AUDIT_USER_NAME           NOT NULL    VARCHAR2(100)
AUDIT_TRUE_NULLS                      VARCHAR2(250)
AUDIT_SESSION_ID          NOT NULL    NUMBER
AUDIT_SEQUENCE_ID         NOT NULL    NUMBER
AUDIT_COMMIT_ID           NOT NULL    NUMBER
PRIMARY_KEY                           NUMBER
VALUE_ONE                             VARCHAR2(5)
VALUE_TWO                             VARCHAR2(5)
VALUE_THREE                           VARCHAR2(5)

Database Triggers

When auditing is enabled, the automatically-generated database trigger in the "After" event on the audited table performs the auditing. The trigger calls a stored procedure to compare each column being audited to see if its value is changing. If so, the procedure saves the previous (old) value to the shadow table.

Auditing creates one row in the shadow table for each audited transaction against the table; thus, a single row in the shadow table represents all old values for all changed columns on that transaction.

The data is not compressed, since a table uses only one byte for a NULL, and Audit Trail represents all unchanged values as NULLs in the shadow table ("sparse" format).

The audit trigger names contain the first 24 characters of the audited table name plus "_AI," "_AU," or "_AD," where one of I, U or D indicates Insert, Update or Delete, respectively. Likewise, the audit procedure names use the first 24 characters of the table name plus "_AIP," "_AUP," or "_ADP." Your table names must be unique within the first 24 characters.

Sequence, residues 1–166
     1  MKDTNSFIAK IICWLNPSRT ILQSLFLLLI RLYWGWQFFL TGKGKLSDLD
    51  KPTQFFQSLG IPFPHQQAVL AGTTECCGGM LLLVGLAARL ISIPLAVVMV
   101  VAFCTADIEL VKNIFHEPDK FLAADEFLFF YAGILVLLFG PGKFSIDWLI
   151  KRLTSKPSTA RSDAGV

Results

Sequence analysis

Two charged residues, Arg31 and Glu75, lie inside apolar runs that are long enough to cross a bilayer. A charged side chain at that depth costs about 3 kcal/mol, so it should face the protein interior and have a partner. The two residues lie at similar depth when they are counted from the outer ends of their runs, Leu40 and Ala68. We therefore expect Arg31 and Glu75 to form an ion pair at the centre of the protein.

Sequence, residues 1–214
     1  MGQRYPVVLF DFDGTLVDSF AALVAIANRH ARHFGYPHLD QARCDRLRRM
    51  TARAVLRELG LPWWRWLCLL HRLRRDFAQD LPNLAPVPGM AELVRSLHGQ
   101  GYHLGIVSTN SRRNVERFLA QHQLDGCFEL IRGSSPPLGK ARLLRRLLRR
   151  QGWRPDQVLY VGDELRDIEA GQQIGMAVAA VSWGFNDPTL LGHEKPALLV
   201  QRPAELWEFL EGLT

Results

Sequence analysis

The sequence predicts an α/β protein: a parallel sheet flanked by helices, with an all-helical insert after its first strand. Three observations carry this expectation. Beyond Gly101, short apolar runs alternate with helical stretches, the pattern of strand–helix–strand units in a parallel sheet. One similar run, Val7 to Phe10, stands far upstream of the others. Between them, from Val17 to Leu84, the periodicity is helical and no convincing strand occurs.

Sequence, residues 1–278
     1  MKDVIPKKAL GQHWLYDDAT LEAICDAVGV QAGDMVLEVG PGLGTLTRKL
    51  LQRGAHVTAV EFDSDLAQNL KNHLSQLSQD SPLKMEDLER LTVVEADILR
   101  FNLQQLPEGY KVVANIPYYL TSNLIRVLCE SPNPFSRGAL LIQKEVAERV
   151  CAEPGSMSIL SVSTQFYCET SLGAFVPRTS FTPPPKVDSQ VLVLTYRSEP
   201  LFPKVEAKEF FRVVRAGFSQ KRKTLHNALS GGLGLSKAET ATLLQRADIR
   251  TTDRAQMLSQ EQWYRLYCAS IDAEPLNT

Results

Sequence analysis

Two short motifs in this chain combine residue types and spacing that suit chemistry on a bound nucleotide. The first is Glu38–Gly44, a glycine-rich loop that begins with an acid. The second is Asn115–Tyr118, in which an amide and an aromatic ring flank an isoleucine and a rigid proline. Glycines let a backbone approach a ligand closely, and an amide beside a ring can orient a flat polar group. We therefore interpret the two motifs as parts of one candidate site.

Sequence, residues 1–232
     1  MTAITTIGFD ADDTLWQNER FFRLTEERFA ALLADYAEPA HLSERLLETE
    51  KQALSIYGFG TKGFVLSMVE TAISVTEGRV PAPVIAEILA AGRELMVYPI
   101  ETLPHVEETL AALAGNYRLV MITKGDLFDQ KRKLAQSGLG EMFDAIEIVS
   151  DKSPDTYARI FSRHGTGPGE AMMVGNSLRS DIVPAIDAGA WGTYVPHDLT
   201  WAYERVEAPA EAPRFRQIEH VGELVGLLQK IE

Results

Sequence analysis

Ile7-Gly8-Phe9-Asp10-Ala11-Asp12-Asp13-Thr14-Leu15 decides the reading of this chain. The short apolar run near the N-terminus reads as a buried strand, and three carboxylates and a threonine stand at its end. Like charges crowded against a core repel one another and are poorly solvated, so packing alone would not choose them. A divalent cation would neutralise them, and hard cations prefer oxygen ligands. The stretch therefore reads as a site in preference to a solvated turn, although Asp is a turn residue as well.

For example, the Audit Trail triggers are named as follows:

Audit Trail Update Trigger name = <table_name>_AU
Audit Trail Insert Trigger= <table_name>_AI
Audit Trail Insert Trigger= <table_name>_AD

Two Views for Each Column

After a shadow table is created, views onto the shadow table are created to allow easier access to the data in the "sparse" rows. These views simplify tasks such as querying a row/column's value on a given date and tracking changes to a row/column over time.

The view name contains the first 24 characters of the audited table name plus "_AC#" or "_AV#" where C or V indicates the type of view and # indicates a number. Due to limitations in creation size, the shadow table columns may need to be broken into multiple views, which are numbered sequentially.

For example, the Audit Trail views are named as follows:

Changes View = <table name>_AV#

Complete View = <table name>_AC#